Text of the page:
Alone in the Crowd: Here’s What You Need to Know about Urban Loneliness

Alone in the Crowd: Overcoming Loneliness of Urban Living is a new book out by Dr Samir Parikh and Kamna Chhibber. Read an excerpt here and check out our e-interview with the authors.

  • Can you share more on this phenomenon of urban loneliness?

Dr. Samir Parikh: Urban loneliness is a pervasive reality characterising urban city life today. Despite being in a space which has millions of people, individuals often find themselves disconnected and alone. There is a sense of being isolated in a densely populated space. This gets exaggerated on account of the kind of lifestyles that have developed and the preoccupation with gadgets which prevents people from truly connecting with each other.

  • You write about a few of common themes/ trends that you’ve noticed during the pandemic. What are some of these?

Kamna Chhibber: One of the most prominent aspect that was visible during the pandemic was the struggle to take care of well-being while having to stay isolated. The removal of the social element from people’s lives did compromise their state of mental health leading to difficulties in managing their moods and thoughts. For many there was a growing state of loneliness, anxiousness, enhanced worrying about the future and experiences of significant loss – of finances, life and of people. There has been a growing acknowledgment of the need to have significant social support systems and also to discover ways to stay connected with the self.

  • What should would-be readers know about this book?

Dr. Samir Parikh: The book is written in a way that it highlights the nuances that characterise where the problem of urban loneliness emerges from. It looks at not just what individuals may contribute but also explores how city life in itself, the changes in society and the way the structures that have emerged in these spaces have contributed towards the emergence of this problem. It provides solutions that are multi-dimensional, helping highlight the understanding that there is a multi-pronged solution that needs to be considered and utilises insights from the pandemic to talk about ways to cultivate mindful urban living.

  • What are some key take-aways or practices we can look at?

Kamna Chhibber: The solution to loneliness lies in understanding the problem more fully. More importantly, it rests within the ability to slow down and take a reflective approach. There are simple things people can incorporate within their ways of living which can be beneficial in the long run. It starts with investing in the self and also in the relationships one does have and values. At the same time finding ways to immerse oneself in the here and now, stepping away from the constant preoccupation with gadgets are crucial aspects which need to be considered. Most importantly, we all need to work actively towards combating this silently advancing problem which plagues many within urban city dwellings.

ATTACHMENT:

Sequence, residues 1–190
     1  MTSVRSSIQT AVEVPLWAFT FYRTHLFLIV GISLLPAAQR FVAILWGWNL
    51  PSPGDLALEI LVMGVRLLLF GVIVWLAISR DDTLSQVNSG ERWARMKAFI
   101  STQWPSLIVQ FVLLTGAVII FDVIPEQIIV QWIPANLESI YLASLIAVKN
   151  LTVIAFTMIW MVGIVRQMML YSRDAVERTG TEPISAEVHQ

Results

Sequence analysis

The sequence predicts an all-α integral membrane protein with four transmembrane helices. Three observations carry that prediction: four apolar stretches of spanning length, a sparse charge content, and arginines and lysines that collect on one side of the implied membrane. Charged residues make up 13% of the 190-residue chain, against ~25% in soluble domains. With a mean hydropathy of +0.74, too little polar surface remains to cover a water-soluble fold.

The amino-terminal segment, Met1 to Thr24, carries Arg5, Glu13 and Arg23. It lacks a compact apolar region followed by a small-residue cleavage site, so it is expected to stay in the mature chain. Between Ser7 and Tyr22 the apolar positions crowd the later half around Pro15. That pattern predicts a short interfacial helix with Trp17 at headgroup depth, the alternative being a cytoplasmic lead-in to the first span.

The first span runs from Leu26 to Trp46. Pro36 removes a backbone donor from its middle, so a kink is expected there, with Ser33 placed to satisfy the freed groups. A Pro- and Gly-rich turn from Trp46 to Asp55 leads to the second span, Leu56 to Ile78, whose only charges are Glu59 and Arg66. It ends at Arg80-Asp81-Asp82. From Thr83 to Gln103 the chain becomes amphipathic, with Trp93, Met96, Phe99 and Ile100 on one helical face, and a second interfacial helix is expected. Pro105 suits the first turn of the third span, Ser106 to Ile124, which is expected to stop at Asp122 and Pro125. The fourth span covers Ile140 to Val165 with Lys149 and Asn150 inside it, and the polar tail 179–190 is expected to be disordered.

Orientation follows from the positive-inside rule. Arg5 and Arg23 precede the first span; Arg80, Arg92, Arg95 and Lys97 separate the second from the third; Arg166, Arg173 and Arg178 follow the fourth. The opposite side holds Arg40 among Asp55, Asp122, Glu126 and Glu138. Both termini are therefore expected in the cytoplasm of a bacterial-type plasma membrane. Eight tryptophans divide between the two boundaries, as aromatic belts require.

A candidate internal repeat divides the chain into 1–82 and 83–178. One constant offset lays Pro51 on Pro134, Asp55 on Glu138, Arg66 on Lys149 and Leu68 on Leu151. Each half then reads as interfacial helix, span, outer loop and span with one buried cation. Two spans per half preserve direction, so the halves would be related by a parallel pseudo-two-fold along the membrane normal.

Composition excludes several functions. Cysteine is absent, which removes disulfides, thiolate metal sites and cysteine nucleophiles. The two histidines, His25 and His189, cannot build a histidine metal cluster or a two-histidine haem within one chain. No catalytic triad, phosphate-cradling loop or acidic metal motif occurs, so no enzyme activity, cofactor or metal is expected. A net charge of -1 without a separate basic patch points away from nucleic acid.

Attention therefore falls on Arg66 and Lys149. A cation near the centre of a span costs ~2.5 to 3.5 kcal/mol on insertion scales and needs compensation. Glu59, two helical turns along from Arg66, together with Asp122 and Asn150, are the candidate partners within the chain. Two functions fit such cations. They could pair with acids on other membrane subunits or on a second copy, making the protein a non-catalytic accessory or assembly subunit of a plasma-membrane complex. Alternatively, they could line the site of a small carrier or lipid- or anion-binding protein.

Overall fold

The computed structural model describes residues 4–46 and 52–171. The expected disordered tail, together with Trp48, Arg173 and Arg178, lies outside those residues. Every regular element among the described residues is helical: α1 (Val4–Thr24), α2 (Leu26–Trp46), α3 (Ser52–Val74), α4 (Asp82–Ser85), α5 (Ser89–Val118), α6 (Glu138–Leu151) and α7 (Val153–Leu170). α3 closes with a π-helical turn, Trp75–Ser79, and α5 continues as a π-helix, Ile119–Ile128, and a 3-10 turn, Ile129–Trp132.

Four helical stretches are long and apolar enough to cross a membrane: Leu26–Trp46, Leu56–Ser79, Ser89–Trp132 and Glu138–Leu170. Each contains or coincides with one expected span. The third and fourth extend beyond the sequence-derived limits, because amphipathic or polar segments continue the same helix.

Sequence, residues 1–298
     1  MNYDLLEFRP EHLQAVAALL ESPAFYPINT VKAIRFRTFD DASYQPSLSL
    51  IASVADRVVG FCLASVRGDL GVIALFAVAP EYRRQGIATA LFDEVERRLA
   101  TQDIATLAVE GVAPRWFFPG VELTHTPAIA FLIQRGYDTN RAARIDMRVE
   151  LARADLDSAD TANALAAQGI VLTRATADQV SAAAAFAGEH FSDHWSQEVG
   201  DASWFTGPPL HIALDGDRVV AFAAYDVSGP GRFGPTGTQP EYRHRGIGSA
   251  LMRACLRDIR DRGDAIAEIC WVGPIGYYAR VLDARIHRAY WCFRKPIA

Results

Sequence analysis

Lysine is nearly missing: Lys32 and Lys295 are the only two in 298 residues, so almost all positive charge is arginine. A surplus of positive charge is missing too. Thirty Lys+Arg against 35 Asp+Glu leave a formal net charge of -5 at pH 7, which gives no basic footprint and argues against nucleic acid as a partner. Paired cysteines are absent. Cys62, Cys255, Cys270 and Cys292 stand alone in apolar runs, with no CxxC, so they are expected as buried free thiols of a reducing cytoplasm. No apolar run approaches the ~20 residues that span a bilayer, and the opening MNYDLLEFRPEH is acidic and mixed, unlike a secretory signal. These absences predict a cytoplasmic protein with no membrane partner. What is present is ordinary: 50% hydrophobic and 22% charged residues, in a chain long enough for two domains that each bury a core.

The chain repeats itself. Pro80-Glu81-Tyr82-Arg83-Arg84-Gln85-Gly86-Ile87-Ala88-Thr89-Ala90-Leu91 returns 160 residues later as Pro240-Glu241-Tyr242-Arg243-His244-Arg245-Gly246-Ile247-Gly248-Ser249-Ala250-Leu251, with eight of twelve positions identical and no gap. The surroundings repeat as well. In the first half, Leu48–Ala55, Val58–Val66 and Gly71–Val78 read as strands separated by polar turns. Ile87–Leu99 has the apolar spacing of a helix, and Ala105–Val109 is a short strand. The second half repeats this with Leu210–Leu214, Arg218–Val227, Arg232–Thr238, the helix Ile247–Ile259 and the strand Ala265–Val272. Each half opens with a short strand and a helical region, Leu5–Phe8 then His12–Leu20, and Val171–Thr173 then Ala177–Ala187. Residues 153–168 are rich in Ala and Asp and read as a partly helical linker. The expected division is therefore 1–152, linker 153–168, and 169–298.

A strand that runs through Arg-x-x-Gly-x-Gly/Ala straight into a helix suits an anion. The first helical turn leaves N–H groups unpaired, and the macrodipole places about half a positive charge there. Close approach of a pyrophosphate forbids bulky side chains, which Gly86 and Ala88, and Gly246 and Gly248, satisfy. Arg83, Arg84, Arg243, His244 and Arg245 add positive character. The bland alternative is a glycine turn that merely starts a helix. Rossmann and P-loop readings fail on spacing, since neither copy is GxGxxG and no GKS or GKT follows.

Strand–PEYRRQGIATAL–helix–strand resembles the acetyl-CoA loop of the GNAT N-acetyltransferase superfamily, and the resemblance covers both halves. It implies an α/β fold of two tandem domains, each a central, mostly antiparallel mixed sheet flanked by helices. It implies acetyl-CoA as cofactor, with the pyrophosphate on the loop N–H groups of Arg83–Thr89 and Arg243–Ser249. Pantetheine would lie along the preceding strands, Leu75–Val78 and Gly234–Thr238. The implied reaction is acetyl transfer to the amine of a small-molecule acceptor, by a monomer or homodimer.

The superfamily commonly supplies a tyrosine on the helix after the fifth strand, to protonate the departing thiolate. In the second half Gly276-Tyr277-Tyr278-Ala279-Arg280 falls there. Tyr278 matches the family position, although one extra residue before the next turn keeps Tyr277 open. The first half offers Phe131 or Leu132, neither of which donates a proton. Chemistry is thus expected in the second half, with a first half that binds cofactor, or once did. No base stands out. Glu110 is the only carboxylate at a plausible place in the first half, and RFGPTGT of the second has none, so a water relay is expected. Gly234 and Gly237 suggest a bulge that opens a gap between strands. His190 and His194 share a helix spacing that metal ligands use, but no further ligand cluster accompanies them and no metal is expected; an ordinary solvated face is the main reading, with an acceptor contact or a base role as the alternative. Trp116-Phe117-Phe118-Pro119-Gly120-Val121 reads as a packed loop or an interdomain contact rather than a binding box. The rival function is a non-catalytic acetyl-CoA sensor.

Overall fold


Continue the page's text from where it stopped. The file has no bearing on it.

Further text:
• There’s this phenomenon of looking at “hustle” or “being busy” (busy busy busyness!) as a positive— what’s the flip side to that?

Kamna Chhibber: Staying busy has become a norm and a valued attribute without people realising the impact it has on them. The inability to say no and to prioritise what they need to do themselves can strongly compromise their mental well-being. The flip side is that in staying busy people in fact often even lose sight of what their goals are. They keep moving forward in an automatic manner without taking stock of where they are and the changes they need to bring about in order to be more effective in what they are doing.

  • As we move into 2022 – what are two hopes (each) for each of your readers?

Dr. Samir Parikh: The hope is in thinking about the collective and building ways to support each other. Altruism needs to take centre stage and we need to work towards building contentment and gratitude for what we each have.

Kamna Chhibber: Focus on investing in yourself. Take stock of where you are at and actively engage in caring for yourself by cultivating the right approach, shifting away from a preoccupation with gadgets and what others do. Concurrently, bring in a more mindful way of immersing yourself in all activities you indulge in by fully being in the moment. 

  • What inspired you to write this book?

Dr. Samir Parikh: Increasingly over the years, I have heard people share and discuss the challenges they face in the cities they reside in and one of the most prominent issues has been that of loneliness. More importantly, this has been an aspect which young people have started speaking about even though previously loneliness was thought to be an aspect that characterised experiences of the elderly. During this pandemic it was highlighted even more strongly across the board for all age groups. This has been the silent problem that has been insidiously growing within urban spaces and needs the attention of individuals and communities alike, which is what prompted us to write this book to help people develop a comprehensive understanding of where it emerges from and what can be done in order to combat it.